Account notification email purporting to be from PayPal claims that ‘some data from your account information seems inaccurate or unverified’ and you should therefore click a ‘Check My Account’ button.
The email is not from PayPal. It is just one in an endless stream of phishing scams aimed at PayPal customers. It is designed to steal your PayPal account login details, credit card numbers, and other personal information via forms on a fraudulent website.
Subject: Account Notification
inaccurate or unverified. You have to check your information in order
to continue using our service smoothly, please check your account
information by clicking the link below.
According to this email, which rather lamely attempts to masquerade as an official PayPal account notification, the company has ‘noticed that some data from your account information seems inaccurate or unverified’. It notes that you must therefore check your information in order to keep using PayPal’s services ‘smoothly’ and includes a handy ‘Check My Account’ button. The message features a rather dodgy looking ‘PayPal Secure’ logo along with a copyright notice in the footer.
But, of course, PayPal certainly did not send this email nor does PayPal really require you to click a button to verify your account information. The email is a typical phishing scam designed to trick you into giving your personal and financial data to cybercriminals. If you click the ‘Check My Account’ button as instructed, a bogus website designed to mirror a genuine PayPal login page will open in your browser.
The fake site will first ask you to login with your PayPal email address and password and then redirect you to a fake ‘account update form’. The form will ask you to verify your account by supplying your credit card details, your name and address, and other personal data.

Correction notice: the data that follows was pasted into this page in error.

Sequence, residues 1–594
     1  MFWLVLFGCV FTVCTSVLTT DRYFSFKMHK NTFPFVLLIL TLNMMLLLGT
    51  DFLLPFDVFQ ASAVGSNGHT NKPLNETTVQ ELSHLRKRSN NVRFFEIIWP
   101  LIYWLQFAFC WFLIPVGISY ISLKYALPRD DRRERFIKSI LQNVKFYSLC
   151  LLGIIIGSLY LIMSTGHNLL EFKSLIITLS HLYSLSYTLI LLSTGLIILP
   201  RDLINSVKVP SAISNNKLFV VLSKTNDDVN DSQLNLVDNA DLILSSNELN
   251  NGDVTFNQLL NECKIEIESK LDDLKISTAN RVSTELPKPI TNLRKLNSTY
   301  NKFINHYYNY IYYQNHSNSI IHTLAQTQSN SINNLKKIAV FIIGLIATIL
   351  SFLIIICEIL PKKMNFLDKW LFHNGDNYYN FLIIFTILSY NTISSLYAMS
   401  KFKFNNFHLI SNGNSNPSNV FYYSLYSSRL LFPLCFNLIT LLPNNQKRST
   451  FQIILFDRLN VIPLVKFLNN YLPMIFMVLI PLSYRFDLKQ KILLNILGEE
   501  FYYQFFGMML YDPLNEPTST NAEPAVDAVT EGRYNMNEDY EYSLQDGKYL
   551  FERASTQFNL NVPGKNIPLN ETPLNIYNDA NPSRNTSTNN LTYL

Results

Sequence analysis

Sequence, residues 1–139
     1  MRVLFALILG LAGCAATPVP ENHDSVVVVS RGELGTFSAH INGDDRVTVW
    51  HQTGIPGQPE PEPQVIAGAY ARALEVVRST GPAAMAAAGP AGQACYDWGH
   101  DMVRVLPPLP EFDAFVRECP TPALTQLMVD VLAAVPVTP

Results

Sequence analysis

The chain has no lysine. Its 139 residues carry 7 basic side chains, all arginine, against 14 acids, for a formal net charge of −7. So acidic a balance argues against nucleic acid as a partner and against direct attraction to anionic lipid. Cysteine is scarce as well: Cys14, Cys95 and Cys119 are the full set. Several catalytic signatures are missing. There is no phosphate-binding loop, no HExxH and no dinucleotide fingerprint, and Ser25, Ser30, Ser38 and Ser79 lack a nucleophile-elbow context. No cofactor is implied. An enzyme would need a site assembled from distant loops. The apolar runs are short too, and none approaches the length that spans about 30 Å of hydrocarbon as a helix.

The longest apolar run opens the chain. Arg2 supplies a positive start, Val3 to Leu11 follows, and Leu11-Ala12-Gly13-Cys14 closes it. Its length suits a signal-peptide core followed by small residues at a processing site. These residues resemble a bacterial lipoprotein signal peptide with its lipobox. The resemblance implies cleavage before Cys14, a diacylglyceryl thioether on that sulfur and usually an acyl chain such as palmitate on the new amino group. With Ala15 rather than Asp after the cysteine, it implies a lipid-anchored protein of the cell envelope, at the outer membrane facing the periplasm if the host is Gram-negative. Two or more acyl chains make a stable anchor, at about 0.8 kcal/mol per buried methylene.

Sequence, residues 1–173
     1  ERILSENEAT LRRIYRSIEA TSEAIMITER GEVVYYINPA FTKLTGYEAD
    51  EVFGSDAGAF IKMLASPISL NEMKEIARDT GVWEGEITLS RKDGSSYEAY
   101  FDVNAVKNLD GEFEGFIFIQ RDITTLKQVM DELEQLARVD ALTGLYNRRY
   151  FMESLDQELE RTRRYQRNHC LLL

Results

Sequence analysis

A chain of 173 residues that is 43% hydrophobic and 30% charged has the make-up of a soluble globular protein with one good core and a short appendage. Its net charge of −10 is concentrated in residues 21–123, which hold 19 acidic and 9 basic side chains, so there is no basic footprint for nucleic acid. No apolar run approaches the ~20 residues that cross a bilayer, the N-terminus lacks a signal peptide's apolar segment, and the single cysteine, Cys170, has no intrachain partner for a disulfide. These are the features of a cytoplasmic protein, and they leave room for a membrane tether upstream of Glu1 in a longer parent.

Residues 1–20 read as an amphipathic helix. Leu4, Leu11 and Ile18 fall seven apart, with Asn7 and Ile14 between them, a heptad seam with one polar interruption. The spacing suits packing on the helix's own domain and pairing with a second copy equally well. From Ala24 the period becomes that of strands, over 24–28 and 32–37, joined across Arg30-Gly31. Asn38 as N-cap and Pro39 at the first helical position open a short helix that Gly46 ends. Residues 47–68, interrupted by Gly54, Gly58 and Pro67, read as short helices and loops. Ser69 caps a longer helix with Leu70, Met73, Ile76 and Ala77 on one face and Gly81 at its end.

All of the information you input on the fake website can be collected by criminals. With this information in hand, they can hijack your PayPal account and use both the hijacked account and your credit card to conduct fraudulent transactions. In some cases, they may also use the personal and financial information they have accumulated to steal your identity.
PayPal conducts almost all of its business online and regularly communicates with customers via email. The company’s customers are therefore prime targets for phishing scams. PayPal phishing scam emails are many and varied and are almost constant visitors to inboxes all around the world. But, remember that genuine PayPal emails will always address you by name. They will never use generic greetings such as ‘Dear Client’ or ‘Dear Customer’. And, the company will never send you an unsolicited email that demands that you click a link to update or verify account details or fix a supposed account issue.
It is always safest to login to your PayPal account by entering the address into your browser’s address bar or via an official PayPal app.
You can learn more about PayPal phishing attempts and report suspected scam emails via information published on the PayPal website.
Last updated: March 14, 2016
First published: March 14, 2016
By Brett M. Christensen